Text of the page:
Welcome back world-builders!
We’ve been getting pretty specific recently, hammering out a lot of the nitty gritty stuff to do with shaping our worlds. So this fortnight, I thought we should take things back the other way again, and go as big as possible. Universe building, Cosmology building, whatever we want to call it. This post is all about other planes, and far-off planets.
If you’re writing high fantasy or science fiction, the question of cosmology is going to come up. Science fiction has a little bit of an easier time of things, in some ways, because they have the universe and all its systems and stars ready and named for them by us today.
But either way, these are big concepts and sometimes to really tackle them, we need to go all out big in our thinking to figure out how we’re going to make the big concepts in our creations work.
Creating a cosmos, or whole new universes or unexplored is not an easy task, by any means. But there is a lot of rich material to draw on from the Science Fiction we have which has used our known universe.
Just within our known universe, we have hundreds of objects, each with their own laws of physics and other unique qualities we can only imagine about. It’s easy to see why it alone provides such a perfect springboard for imagining new worlds and ways of life.
The Expanse, which you might have figured I’m a big fan of, does an awesome job drawing on the known solar system and the inner planets and asteroid belt to create a rich and interesting universe for its characters to explore.
My other sci-fi mainstays, Star Trek and Star Wars, go even further, imagining outer quadrants and creating new races and cultures in solar systems beyond our own.
Just look at the impossibly detailed maps created for games like Knights of the Old Republic, set in the Star Wars universe.
But what about planes? Those pesky fantasy places that won’t ever correlate to a planet. Places like The realm of the fey, or the Abyss. Even Heaven and Hell have become planes upon which storytellers have woven their own narrative. The classic example being Dante’s Inferno. Where and how do they exist if you want to use them in your story, and how can you represent them?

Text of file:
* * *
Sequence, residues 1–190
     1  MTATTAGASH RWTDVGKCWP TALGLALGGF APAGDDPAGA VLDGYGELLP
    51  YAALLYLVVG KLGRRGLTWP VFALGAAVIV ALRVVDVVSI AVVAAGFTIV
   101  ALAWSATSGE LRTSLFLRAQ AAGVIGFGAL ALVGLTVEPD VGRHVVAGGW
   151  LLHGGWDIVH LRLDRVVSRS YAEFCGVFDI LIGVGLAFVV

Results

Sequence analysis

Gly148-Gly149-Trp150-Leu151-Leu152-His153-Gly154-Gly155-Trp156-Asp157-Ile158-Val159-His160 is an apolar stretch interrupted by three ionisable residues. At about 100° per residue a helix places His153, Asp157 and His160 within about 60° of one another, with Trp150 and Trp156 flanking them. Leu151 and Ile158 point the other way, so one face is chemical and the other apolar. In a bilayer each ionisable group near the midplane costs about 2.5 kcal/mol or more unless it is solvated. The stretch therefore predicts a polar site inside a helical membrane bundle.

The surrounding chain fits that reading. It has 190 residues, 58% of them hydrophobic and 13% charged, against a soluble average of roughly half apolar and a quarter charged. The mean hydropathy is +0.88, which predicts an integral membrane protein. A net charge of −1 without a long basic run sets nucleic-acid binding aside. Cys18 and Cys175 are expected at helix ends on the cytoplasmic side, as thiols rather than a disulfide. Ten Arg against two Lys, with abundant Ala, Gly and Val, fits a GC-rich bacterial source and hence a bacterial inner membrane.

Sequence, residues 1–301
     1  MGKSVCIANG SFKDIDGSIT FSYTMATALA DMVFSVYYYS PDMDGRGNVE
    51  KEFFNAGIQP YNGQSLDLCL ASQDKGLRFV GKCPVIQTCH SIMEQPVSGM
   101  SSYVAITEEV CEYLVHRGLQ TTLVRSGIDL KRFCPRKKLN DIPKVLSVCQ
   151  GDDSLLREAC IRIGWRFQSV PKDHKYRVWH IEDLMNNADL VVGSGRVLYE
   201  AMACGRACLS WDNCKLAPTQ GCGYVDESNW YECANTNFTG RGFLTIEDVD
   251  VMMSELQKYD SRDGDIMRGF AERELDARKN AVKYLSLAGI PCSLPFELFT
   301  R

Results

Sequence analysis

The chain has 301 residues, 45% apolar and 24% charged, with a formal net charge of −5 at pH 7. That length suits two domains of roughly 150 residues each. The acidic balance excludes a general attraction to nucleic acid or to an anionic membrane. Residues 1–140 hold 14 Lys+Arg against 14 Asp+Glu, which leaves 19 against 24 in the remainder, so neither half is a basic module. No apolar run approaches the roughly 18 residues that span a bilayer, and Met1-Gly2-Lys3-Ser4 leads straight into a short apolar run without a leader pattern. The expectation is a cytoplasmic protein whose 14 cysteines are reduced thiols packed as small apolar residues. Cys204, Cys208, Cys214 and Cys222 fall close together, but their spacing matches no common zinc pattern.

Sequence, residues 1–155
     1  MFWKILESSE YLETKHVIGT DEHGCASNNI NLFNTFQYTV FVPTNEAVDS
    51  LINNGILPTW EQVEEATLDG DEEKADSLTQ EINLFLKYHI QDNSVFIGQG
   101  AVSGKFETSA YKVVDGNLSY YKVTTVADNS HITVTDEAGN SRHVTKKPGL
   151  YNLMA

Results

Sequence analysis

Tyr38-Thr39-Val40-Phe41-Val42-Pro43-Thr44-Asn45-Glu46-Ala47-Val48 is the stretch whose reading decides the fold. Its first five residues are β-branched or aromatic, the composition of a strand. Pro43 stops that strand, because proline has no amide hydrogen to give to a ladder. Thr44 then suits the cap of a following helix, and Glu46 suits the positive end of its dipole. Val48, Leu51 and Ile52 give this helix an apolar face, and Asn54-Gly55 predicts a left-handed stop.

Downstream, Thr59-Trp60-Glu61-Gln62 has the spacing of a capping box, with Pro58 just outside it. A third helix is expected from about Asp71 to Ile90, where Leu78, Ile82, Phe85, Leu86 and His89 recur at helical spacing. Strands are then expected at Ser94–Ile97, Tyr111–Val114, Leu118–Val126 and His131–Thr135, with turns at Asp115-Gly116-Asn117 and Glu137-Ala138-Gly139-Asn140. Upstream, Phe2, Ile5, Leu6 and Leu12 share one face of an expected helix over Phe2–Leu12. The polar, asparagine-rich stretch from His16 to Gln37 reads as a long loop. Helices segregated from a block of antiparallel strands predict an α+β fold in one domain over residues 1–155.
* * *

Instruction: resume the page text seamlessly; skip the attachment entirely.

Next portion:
And this is where the idea of planets and planes as concepts in world building, kind of collide.
I think the first time I really thought of it this way was looking at a map in one of the Dungeons and Dragons 3.0 supplements, The Manual of the Planes. (I don’t have a copy of that book any longer, just a link to a random Amazon listing for an old copy.) Still the map in that book showed me how I could make sense of the complicated system of planes in Dungeons and Dragons, run campaigns in them, and even, create my own.
Just by using the way our planets work around each other as a template to imagine ‘other’ planes of existence and how they intersect can be a great way to get a handle on how they could work. Then, mapping out the planes, or realities in your world, can help you clearly get a handle on things like time travel, or magic, or dreams, or any kind of unique ‘planar’ plot device that your creation has.
Which is exactly what I did for fun when I mocked up a silly little planar system of my own. I made this for some Free-Form RP I do with friends online from time to time. It’s based on a blend of our mythology and folklore, and the D&D system which I grew up loving and playing so many campaigns in.
To give a mondo brief explanation; The Astral plane is the plane of travel, just like in D&D, but in this little creation of my own, it’s also the plane of magic. Which is why it touches everything.
The deal with all the little pockets of Abyss floating around the place, is the old Cthulhu outside or otherworldy idea of the spaces between planes and dark dimensions. I concept I love. They could be any one’s interpretation of such a place. A shadowlike realm, or a torturous place. I like to think that one of those could easily be the gateway to the ‘Empyrean’ dimension that my friend’s Cog and Jay over at Tinker Tabletop invented all their cool old-world inspired Gods for. Or that one of those ‘other material’ planes could be the world of Aldis, a universe of my friend Daarka’s creation. In fact, I haven’t even mapped out all the possible planes, just a couple for the sake of illustration. I imagine there could be more material planes, and even other sorts of planes.
I liked the idea of creating a universe where Heaven and Hell were fixed places, and I love the mythology that surrounds the ideas of Angels and Devils. I decided to make our Earth a fixed plane too, in between them both, and draw on stories like Dante’s Inferno and other works to create a plane system based on our mythologies.
You’ll notice my feywilds have an orbit, and they’re an irregular shape to all the other kinds of planes I’ve got on there. That’s because so much of our mythology draws on the Feywilds as a travelling place that touches down on earth and then disappears again for hundreds of years, I thought it would be fun to have it as this thin, orbiting plane that will end up touching just about everywhere.
There’s no real point to the map above other than to provide a little visual reference for my planar explanation, and you can definitely find other examples out there. Like the example from D&D that inspired me all those years ago. If you’re messing with planets or planes, and you want to try to start explaining them better, head for a map of the universe, or make your own one.
In any case, I hope I’ve got you thinking big, if you’re writing big!
Until next time, happy world building!